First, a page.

The Jamaican Dollar is the official currency of the Caribbean Sea nation of Jamaica, which was part of the British West Indies prior to becoming an independent country in 1962. The Jamaican dollar, designated as J$ or JA$, is divided into 100 cents. However, the country’s central bank – the Bank of Jamaica – discontinued the minting of the 1-cent coin and 5-cent coin in 2018.
The foreign currency exchange market symbol for the Jamaican dollar is JMD. For example, the exchange rate for the Jamaican dollar relative to the US dollar is expressed as USD/JMD.
The Jamaican Dollar is the official currency of the nation of Jamaica.
Jamaica’s official language is English, but as a practical matter, the language most commonly spoken on the island is Jamaican Creole, also known as Jamaican Patois.
The current composition of Jamaican banknotes serves to extend the bills’ lifespans.
The History of Money in Jamaica
The creation of the Jamaican dollar followed Jamaican independence by about seven years, with the new currency being introduced in 1969. In the interim, the British West Indies dollar and the Eastern Caribbean dollar were the island’s primary currency; although, remarkably, Spanish pieces of eight were also still in circulation, despite the fact that Spain’s ownership of the island was more than 300 years in the past.
The first currency used in Jamaica was Spanish, as Jamaica was under Spanish control in 1494 with the arrival of Columbus. The primary currency in use under the Spanish consisted of small copper coins known as maravedis and the widely used Spanish pieces of eight silver coins, so called because they equaled eight Spanish reales.
The British Empire took over the island in 1655 and gave it the name Jamaica. British coinage became the island’s official currency, although Spanish coins continued in circulation until the Crown demonetized all of them except for gold doubloons in 1840. During that time, Jamaican currency consisted of farthings, halfpennies, pennies, three halfpence, threepence, sixpence, shillings, florins, half crowns, and crowns.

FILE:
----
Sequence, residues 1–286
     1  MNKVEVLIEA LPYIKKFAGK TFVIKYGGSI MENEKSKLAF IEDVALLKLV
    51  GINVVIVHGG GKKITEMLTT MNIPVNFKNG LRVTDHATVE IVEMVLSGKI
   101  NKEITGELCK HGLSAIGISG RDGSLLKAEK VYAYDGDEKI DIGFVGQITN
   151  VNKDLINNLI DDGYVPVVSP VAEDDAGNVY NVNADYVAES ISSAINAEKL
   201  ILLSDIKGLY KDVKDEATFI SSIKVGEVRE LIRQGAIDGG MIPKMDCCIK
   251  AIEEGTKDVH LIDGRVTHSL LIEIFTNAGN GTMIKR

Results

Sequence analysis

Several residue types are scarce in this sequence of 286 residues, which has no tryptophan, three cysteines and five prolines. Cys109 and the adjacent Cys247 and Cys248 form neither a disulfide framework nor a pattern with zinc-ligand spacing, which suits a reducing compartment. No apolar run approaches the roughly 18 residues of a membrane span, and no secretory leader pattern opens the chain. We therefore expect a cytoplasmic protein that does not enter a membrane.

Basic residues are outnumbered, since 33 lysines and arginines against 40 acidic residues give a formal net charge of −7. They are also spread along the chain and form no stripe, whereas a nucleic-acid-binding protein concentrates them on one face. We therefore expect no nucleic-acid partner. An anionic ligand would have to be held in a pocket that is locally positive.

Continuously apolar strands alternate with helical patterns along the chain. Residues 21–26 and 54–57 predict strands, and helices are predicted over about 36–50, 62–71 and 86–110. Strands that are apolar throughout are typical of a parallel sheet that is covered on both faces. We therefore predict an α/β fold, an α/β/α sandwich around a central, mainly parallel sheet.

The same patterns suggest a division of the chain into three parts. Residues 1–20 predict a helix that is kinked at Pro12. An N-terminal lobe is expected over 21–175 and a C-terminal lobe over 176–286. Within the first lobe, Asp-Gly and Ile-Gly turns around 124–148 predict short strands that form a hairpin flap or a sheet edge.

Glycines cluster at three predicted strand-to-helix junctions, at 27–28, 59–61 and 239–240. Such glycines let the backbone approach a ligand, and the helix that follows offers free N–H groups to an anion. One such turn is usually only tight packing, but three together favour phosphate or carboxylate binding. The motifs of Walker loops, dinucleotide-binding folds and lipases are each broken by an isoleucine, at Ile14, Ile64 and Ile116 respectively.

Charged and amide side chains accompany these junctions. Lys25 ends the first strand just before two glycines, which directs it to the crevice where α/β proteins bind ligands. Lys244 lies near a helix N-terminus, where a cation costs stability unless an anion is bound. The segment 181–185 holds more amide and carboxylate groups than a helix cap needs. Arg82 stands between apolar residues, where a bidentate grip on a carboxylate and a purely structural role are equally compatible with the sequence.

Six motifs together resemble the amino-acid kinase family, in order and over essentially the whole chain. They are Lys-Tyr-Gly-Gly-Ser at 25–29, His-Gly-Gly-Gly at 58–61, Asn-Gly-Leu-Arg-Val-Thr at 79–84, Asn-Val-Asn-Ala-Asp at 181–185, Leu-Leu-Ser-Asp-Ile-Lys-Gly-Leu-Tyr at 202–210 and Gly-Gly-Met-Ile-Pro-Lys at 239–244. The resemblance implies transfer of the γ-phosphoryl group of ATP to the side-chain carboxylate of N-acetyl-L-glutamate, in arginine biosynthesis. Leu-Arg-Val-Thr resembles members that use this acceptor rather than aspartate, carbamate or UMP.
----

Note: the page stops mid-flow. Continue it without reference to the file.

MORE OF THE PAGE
When the Bank of Jamaica created the Jamaican dollar, it decimalized the currency so that it could be subdivided into cents. The new dollar was distinguished from all other dollars in the former British West Indies by the fact that all the surrounding currencies mimicked either the US dollar or the Spanish real, while the Jamaican dollar was, in essence, a half-pound British sterling.
Jamaican Coins and Banknotes
The current issue of Jamaican coins – which are minted in combinations of nickel, steel, and copper – consists of denominations of 10 cents, 25 cents, one dollar, five dollars, 10 dollars, and 20 dollars. The one-cent and five-cent Jamaican coins are still in circulation but, after being demonetized by the central bank, are not legal tender. The 20-dollar coin, first minted in 2000, replaces a banknote.
The latest issue of Jamaican banknotes represents a transition. Previously, the country’s banknotes were, like that of many other countries, printed on cotton material. However, Jamaica’s tropical climate wears harshly on such banknotes, which means they have a relatively short lifespan, and it increases the cost of producing currency.
Therefore, the most recent issue of banknotes is being printed on an enhanced cotton substrate material that is varnished to provide a moisture-proof layer of protection. It also reduces the tendency of the banknotes to absorb microorganisms and other contaminants.
Banknotes come in denominations of J$50, J$100, J$500, J$1000, and J$5,000. Portraits of former prime ministers and other Jamaican historical figures adorn the obverse side of the bills, replacing the portrait of Queen Elizabeth that was on all the banknotes of the British West Indies and Eastern Caribbean dollars.
In addition to the regular banknotes, the Bank of Jamaica introduced a commemorative series of notes in 2012, celebrating the country’s 50 years of independence. The commemorative banknotes, which feature a “Jamaica 50” logo superimposed on the obverse side of each note, circulate alongside the regular currency.
Some in Jamaica’s Parliament criticized the introduction of the J$5,000 note in 2009, charging that producing the higher denomination banknote gave the impression that Jamaica’s currency was declining in value. In fact, the Jamaican dollar has indeed been steadily eroded by inflation, with the USD/JMD exchange rate climbing from 1 USD = 50 JMD in 2005 to 1 USD = 147 JMD in 2020. The Bank of Jamaica allows the Jamaican dollar to float in the foreign exchange market, but it is not a widely traded currency.
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